When it’s time, I know.
I can tell in my bones, the ways the knees ache, those joints with a clock of their own.
I drag my fingers tired through the hair, back from the temples, and I survey the room of the sprawled out legs, the stacks of books, the balls of yarn, the half deck of Rook scattered, and I sigh smile.
“I think it’s time for bed, folks.”
They cheer wild. Race for their beds. They know when it’s time too. Time for the day’s best hour, the children’s hour, the moon out the window and night studded up with the stars.
I pick up and I return and I lead a few lost things back to their homes and they call from their rooms, the darkened sleep wombs. “Are you coming to tell us a story of when you were little?”
I say yes, but how could I have known that tonight it would be a child who’d tug the curtain, tear down the veil?
Yes, I am coming. I am coming for the prayers, for the page turning of the printed stories and yes, the stories of your roots, of the time before you were born, when you were still a future star and that place in the night sky was black, still waiting for you. (Do all children love to slide their hands down their roots again, again, remembering whence they’ve come? “Tell us that story again when…” )
I read. The wee chair in the hallway creaks. I turn pages. I bookmark. And they squirm happy under quilts, anticipating. “Now tell us a story when you were a kid like us.” (And I smile and I think this is really it: a child’s deep longing to know that they are known, that the old were once young, once saw the world large, that for that one evening hour, a story bridge spans the wide river of decades and for a spell, we are one, children together.)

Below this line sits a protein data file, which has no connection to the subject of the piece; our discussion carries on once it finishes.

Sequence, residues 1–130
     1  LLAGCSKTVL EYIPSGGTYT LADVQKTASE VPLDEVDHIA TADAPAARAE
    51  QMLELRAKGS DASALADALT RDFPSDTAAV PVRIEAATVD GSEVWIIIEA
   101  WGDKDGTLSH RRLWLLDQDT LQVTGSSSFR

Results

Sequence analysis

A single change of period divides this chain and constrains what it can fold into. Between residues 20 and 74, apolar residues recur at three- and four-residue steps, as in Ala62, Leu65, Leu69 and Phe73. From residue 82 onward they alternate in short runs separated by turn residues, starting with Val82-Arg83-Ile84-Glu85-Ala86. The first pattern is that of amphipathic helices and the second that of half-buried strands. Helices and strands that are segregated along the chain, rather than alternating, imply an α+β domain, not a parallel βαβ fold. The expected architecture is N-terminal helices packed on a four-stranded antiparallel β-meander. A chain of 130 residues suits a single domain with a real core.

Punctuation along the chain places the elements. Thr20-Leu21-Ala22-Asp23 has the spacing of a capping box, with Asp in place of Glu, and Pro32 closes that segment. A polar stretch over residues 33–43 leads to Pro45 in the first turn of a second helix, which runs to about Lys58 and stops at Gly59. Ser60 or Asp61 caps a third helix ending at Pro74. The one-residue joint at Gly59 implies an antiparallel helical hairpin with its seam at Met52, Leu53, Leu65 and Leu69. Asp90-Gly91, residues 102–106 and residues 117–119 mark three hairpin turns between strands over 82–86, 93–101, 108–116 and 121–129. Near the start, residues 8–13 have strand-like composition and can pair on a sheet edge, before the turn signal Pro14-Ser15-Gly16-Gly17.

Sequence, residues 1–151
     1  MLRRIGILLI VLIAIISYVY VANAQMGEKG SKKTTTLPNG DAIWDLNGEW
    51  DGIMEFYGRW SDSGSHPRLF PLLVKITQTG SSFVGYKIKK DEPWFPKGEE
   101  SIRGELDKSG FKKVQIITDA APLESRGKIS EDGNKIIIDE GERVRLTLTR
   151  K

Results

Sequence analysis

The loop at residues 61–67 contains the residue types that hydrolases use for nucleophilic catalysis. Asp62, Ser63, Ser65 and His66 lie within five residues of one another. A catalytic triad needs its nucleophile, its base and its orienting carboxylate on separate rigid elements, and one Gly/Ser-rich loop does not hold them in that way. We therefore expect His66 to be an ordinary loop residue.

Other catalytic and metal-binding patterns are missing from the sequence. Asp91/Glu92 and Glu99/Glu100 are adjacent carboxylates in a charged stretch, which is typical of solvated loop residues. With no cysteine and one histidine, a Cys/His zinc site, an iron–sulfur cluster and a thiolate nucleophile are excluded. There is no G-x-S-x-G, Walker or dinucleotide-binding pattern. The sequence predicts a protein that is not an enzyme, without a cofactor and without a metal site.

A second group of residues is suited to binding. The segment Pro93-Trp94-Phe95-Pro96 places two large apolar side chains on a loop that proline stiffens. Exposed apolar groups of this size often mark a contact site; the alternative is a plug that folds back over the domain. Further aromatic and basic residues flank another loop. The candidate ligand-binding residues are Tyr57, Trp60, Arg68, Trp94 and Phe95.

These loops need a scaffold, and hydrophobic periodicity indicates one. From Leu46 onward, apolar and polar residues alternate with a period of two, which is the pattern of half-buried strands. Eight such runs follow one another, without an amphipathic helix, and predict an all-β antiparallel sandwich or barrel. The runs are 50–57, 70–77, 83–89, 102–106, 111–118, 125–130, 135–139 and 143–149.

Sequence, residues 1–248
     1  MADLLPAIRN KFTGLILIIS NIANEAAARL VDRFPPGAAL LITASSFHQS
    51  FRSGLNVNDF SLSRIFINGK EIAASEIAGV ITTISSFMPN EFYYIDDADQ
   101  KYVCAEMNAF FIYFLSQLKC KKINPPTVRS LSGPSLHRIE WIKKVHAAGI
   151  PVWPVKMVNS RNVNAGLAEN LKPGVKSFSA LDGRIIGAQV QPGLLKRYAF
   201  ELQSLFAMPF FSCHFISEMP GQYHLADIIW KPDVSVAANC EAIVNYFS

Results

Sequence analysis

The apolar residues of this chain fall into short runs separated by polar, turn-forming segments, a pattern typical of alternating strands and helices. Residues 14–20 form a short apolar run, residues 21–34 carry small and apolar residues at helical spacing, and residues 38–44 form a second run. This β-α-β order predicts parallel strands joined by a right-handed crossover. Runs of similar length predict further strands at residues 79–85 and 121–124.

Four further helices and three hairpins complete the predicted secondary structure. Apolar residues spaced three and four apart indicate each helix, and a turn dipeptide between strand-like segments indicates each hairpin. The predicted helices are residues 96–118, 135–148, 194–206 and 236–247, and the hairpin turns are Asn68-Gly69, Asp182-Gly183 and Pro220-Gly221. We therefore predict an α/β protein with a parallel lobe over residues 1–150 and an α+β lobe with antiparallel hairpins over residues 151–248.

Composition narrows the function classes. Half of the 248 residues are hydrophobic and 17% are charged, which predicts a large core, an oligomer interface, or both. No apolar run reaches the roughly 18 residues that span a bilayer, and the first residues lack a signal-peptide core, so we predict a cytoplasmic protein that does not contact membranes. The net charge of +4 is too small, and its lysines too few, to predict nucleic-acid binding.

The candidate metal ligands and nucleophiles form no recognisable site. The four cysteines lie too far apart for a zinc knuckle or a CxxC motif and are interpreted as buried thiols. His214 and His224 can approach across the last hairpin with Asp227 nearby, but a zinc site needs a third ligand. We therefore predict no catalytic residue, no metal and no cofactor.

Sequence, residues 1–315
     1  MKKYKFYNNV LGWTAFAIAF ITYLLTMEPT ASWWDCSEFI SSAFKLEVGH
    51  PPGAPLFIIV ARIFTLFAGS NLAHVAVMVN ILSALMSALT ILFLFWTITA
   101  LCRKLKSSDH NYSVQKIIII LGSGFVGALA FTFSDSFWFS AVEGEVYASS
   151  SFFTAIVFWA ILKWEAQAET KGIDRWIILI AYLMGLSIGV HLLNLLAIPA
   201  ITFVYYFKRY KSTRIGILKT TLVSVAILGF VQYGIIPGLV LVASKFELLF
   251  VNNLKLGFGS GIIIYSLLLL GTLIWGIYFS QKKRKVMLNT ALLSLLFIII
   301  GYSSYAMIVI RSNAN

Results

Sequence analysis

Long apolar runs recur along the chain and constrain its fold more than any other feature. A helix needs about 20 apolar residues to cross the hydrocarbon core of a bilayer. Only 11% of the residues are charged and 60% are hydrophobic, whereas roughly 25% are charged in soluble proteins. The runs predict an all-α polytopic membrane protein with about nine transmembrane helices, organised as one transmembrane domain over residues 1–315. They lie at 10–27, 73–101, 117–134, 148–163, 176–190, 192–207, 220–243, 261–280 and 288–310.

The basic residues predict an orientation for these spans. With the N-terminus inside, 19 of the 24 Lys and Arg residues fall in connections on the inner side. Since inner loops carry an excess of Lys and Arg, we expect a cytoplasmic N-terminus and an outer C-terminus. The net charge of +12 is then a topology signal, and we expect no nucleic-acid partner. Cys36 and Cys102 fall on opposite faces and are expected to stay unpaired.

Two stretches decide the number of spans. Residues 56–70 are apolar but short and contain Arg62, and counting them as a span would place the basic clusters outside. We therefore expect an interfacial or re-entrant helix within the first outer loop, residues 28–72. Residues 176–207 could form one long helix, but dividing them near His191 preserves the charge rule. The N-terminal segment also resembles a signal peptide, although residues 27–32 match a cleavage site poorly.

So every night I grope mad around the memory vault, feeling my way along time, hoping to find one I’ve lost, a memory I haven’t yet told, and wishing I had kept better record but who would have thought that 365 nights of the year, year after year, our children would story beg from my days before them and I never stop fearing that they’ll be disappointed at the blandness of the recollections and I never stop being surprised at how children heartily embrace our feeble efforts at creativity.
What audience is as grateful as a child?
Creativity is the first tongue of the children.
And when the aged ones try to speak it, even haltingly, we return home to happiness and our Creator Father.
“A long, long time ago, when I was about your age….” I don’t even know what the next words will be and I hold them high in the shadowed room, waiting, like a key suspended before the lock of the memory safe, and I so pray that the key fits and I’ll find something… and there it is.
“I drew pictures of pigs and curly-cue flowers and palaces and princesses with blue ball point pens that left inky-sticky gob marks behind and my mama hung on them fridge with lettered magnets and that was the first thing I ever hoped to be.” I remember the smell of the paper and the white expanse of possibilities and I can see even now the rows of flowers with the row of pigs, their tails curling up like blooming vines behind them, and I laugh now the thought and I’m almost too embarrassed to say it.
“The first thing I ever dreamed of doing was drawing. To be an artist. ”
“That’s what everyone first dreams.”
I stop short. I hold the top edge of the quilt in hand, ready for the tucking, but I’m struck.
Levi rolls over and I can see his silhouette clear, his lanky frame backlit from light in the hallway.
These are words of the farming son, the dig in the dirt, don’t hand me a pencil, I just want to go work with Dad son, the I know Jesus said we have to work heartedly on to the Lord but I don’t think Jesus ever had to do Latin son, the practical boy who tells us point blank, “If I can’t be a farmer, I ain’t going to be nothing.”
I am struck and I can only repeat.
“Everyone first dreams this? To be an artist?”
I ask children whose first dreams still shine.
“Yeah…. Of course. ” Levi lies down on the pillow, stares at the ceiling. I hadn’t known.
Do we all first dream of being artists — because that is who our true selves really are? Makers?